The technical challenges remain the sam.
Not to mention that graphical programming is more tedious and slower than writing code in a text editor.
The truth is that, even if anyone can code, coding does not have the same appeal for everyone.
And while some people simply take to it naturally and excel at it, others actively try to avoid it or see it as a skill reserved for the elite few.
Nonetheless, some understanding of coding is advantageous, and we will shortly see why.
Why Coding Is Useful
Apart from coding in areas like web development, coding isn’t strictly necessary for graphic design.
There are enough graphic design areas where a person can draw on their artistic talent so that they would never need to code.
However, having the ability to code opens up many new possibilities.
This comes into play, for example, in being able to generate images using scripting or applying mathematical rules to generate visuals.
Most drawing applications can be extended with code through so-called “plugins” to script visual effects or generators.
But the coding applications are even more numerous.
For example, writing a batch script to convert a folder of documents from one format to another is an activity that can be achieved much faster by automating it with coding than can be done manually.
Another example of where coding could come in handy would be to programmatically generate patterns in an image.
These kinds of tricks can be very useful.
If the person tasked with the graphic design can do these themselves, it can save both time and money.
Trends In The Marketplace
A brief survey of graphic design jobs leads one to conclude that more and more employers are starting to require graphic designers to have some sort of coding skills.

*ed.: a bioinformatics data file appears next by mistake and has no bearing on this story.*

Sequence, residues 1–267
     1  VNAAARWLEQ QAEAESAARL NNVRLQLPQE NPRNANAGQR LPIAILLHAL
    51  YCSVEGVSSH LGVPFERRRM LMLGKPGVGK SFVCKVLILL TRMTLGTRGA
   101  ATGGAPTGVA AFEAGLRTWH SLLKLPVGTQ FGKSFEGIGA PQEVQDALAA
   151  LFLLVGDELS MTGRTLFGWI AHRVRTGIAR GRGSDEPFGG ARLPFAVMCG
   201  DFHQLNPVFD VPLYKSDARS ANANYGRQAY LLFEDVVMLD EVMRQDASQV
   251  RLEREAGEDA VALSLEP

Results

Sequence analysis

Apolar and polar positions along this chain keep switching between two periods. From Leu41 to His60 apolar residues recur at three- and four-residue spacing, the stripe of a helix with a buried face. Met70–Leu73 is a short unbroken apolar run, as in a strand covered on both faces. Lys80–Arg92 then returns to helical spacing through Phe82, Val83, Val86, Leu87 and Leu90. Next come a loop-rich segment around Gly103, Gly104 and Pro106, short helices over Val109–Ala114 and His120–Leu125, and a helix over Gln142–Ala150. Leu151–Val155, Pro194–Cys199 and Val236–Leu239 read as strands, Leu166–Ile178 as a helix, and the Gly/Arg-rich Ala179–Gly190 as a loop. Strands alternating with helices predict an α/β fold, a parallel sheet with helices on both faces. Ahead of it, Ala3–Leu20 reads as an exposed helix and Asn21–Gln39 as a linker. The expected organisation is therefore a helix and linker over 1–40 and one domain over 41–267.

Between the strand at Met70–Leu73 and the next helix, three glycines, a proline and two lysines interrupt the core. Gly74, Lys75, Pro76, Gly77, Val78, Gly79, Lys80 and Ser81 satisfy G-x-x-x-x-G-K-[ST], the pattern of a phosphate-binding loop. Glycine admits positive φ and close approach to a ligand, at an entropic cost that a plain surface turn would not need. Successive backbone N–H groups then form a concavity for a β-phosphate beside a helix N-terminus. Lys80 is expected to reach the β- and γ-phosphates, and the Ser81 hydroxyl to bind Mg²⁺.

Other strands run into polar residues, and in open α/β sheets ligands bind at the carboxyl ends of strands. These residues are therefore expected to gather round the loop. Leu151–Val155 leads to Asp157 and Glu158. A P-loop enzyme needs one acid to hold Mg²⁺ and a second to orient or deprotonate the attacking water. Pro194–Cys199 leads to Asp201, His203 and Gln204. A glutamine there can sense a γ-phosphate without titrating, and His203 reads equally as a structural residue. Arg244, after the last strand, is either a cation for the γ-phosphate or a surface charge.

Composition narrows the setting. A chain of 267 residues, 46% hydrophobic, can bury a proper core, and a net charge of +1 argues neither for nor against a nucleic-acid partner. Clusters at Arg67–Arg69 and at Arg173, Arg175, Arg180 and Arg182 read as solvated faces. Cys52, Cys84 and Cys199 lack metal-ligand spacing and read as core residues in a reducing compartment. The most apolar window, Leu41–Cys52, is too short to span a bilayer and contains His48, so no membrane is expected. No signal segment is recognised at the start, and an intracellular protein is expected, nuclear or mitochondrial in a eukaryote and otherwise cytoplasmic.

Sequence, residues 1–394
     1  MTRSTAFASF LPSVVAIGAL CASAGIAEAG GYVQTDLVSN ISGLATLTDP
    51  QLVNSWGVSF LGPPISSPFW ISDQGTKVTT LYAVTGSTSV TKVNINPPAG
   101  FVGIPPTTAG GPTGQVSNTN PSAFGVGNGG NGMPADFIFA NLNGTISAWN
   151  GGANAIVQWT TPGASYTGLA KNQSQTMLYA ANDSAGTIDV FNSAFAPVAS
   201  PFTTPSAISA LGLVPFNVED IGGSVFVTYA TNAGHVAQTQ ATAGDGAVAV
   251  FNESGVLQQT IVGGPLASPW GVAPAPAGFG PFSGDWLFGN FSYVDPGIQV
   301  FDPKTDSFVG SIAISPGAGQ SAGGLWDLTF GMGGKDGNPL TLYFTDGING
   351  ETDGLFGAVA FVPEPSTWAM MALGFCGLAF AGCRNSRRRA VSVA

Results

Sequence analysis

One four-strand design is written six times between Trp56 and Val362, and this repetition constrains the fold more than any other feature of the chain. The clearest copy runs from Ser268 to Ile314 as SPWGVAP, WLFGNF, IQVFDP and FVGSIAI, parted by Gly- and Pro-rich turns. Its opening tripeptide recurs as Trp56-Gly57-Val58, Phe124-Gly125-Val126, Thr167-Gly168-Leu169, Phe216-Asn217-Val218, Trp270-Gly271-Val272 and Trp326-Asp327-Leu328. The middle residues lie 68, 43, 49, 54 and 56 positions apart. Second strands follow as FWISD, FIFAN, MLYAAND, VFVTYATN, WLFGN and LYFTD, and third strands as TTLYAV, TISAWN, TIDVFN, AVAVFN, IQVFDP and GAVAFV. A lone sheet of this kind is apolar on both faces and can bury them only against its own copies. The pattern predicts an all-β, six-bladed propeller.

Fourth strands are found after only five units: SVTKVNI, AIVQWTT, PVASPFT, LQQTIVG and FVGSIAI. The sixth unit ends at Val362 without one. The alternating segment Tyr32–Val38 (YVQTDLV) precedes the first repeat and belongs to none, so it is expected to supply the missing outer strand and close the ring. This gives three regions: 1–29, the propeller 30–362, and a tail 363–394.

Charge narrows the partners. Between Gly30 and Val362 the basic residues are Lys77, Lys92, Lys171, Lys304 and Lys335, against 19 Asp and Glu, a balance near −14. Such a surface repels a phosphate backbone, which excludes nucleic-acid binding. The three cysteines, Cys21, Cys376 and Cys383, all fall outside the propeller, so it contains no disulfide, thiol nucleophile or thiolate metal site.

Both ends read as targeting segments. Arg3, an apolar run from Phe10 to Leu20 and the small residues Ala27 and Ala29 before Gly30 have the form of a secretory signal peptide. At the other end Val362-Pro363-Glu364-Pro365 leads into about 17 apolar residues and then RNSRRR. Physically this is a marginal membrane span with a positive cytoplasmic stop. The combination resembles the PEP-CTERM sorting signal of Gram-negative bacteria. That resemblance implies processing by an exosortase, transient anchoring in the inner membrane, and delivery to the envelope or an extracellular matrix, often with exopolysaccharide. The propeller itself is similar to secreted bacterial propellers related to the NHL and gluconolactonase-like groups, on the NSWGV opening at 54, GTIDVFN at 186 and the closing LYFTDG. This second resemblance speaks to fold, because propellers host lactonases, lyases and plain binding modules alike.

Still, normally, all that is expected is for them to have a simple understanding of at least HTML and CSS.
As discussed, many companies don’t need a large team to maintain their website.
So purely from a cost-saving standpoint, it makes more sense to employ people with all-rounded experience.
Another factor to consider is the demand for graphic design.
Depending on how much demand may affect one’s choice to choose it as a career path.
There are conflicting opinions about where the demand for graphic designers is headed.
A report published by the Bureau of Labor Statistics states the following datum.
There is expected to be a 4% decline in graphic designers’ demand between 2019 and 2029.
If this is true, then one should expect that, as a general rule, graphic designers should work at adopting additional skills, like coding, to remain competitive in the marketplace.
The full report from the Bureau of Labor Statistics is available here.
By contrast, IBISWorld predicts growth globally over the next few years for graphic design as an industry.
Suppose the latter is correct, and demand for graphic design continues to grow.
In that case, it follows logically that individuals choosing it as a career path will likely specialize in a branch of graphic design.
Instead of having to augment their skillset with additional skills.
Separation Of Concerns
Being able to do both graphic design and coding is useful in many scenarios.
However, it is more desirable to achieve mastery in one area than having only a superficial understanding of both.
Ideally, it would be preferable for different people to focus on the different aspects of either graphic design or coding.
These normally represent very specialized areas with a significant amount of complexity and responsibility in each.
Many artists understand how to make a beautiful drawing but lack the technical know-how to put it to use in a technical medium.
Finding individuals that are equally adept at each is less common.
We have looked at the question of “does graphic design require coding”.
While coding is a useful skill to have, graphic design represents a broad spectrum of specializations, of which many don’t require coding.
Certain ones, particularly involving the web and mobile apps, make some degree of knowledge and understanding of coding almost unavoidable.
However, having the ability to code brings an extra dynamic into play.
This is done by opening up numerous possibilities and increasing an individual’s marketability.
For more helpful readings, do check our articles below.
10 Best Service Design Online Courses: Rated And Reviewed
How To Become A Graphic Designer Without A Degree: College Dropouts Step-By-Step Guide